AIDS Marks 20th Anniversary
WebMD News Archive
The overall approach to the treatment of HIV/AIDS has changed significantly in the past 20 years. In the last five years alone, there has been a dramatic shift from initiating treatment upon diagnosis to delaying therapy until symptoms arise. The change has been made in an attempt to extend the benefits of therapy for as long as possible and minimize side effects that impinge on quality of life and further threaten the health of infected people.
In addition to diarrhea, increased risk for diabetes, and kidney problems, doctors have begun reporting that some patients who have been on anti-AIDS drugs for years are experiencing a redistribution of their body fat that results in bulges and lumps -- a condition known as lipodystrophy.
The well-known antiviral drug AZT is one of 18 anti-AIDS drugs available, many of which must be taken multiple times per day.
"Adherence to medications is a major, major problem," says Michael Kolber, MD. "You need to be about 95% compliant. That's almost an unattainable number ... and people are now looking at once-a-day treatments for that reason."
Kolber, director of HIV adult services at the University of Miami School of Medicine, says the future lies in medications that combine the multiple drug 'cocktails' so many HIV-infected people take into a single tablet taken once or twice a day.
This would enable patients such as Michael Karchinski, who at age 36 has been HIV-positive for 12 years, to take fewer pills each day. Karchinski says fewer pills and a less regimented schedule for taking them is an improvement over various therapies he's taken through the years that left him sick and weak. But it's not as simple as it sounds.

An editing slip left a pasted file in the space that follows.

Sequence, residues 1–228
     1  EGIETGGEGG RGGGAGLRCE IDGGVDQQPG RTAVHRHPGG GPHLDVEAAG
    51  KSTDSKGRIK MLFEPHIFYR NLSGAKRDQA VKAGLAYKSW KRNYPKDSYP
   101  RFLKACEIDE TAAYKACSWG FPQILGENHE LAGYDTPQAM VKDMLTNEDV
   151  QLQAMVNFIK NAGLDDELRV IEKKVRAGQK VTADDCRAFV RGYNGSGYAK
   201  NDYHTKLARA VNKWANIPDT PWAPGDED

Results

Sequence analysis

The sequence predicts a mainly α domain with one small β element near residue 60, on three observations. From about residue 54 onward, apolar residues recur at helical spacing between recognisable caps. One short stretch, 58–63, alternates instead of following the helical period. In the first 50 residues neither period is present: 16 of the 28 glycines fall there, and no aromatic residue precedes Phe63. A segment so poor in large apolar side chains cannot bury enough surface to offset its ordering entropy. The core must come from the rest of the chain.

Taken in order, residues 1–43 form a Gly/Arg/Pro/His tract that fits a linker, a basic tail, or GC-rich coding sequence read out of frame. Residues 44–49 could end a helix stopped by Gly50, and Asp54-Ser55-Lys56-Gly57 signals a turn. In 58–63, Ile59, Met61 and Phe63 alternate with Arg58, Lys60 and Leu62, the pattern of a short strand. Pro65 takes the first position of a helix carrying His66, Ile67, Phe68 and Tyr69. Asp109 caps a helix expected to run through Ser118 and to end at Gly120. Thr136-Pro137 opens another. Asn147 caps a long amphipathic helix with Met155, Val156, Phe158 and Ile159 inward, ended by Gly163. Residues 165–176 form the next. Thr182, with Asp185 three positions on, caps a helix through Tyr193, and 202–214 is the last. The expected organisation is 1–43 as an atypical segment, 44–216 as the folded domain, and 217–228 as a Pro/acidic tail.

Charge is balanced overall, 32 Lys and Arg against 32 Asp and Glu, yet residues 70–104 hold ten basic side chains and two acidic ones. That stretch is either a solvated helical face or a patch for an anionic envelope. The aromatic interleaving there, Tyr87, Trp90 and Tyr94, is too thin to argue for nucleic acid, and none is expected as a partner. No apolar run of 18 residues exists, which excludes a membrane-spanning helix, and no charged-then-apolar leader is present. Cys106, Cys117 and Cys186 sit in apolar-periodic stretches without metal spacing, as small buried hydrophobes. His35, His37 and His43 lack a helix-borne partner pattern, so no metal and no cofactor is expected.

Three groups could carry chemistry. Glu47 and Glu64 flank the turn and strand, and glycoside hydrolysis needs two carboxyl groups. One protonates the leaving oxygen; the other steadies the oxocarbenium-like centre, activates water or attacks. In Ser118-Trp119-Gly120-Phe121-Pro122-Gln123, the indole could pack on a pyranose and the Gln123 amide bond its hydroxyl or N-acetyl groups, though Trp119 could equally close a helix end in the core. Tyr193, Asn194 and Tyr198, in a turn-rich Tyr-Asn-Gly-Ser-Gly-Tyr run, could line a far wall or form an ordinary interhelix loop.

"They're making it so we take less, but the pills are two to three times bigger than they were," says Karchinski, who works for MTS, a nonprofit group in New York City that helps people with HIV and AIDS get back into the work force.
Still, he remains optimistic for the future.
"My first hope would be that they find a cure," he says. "In the interim, educating people is the next best thing, as well as finding drugs that have less toxicity and hopefully in the long term don't cause us to die of something else."
Frost says he believes the next big breakthrough in anti-AIDS drugs will come from drugs that take a different approach than what is now available.
"Right now we have drugs that target two places on the viral life cycle," he says. Protease inhibitors attack one spot, and drugs that attack reverse transcriptase constitute the other.
"There are potentially multiple spots in the viral life cycle that we could be attacking in this process that would, I believe, provide us with a far greater shot at really inhibiting the viral growth," he says.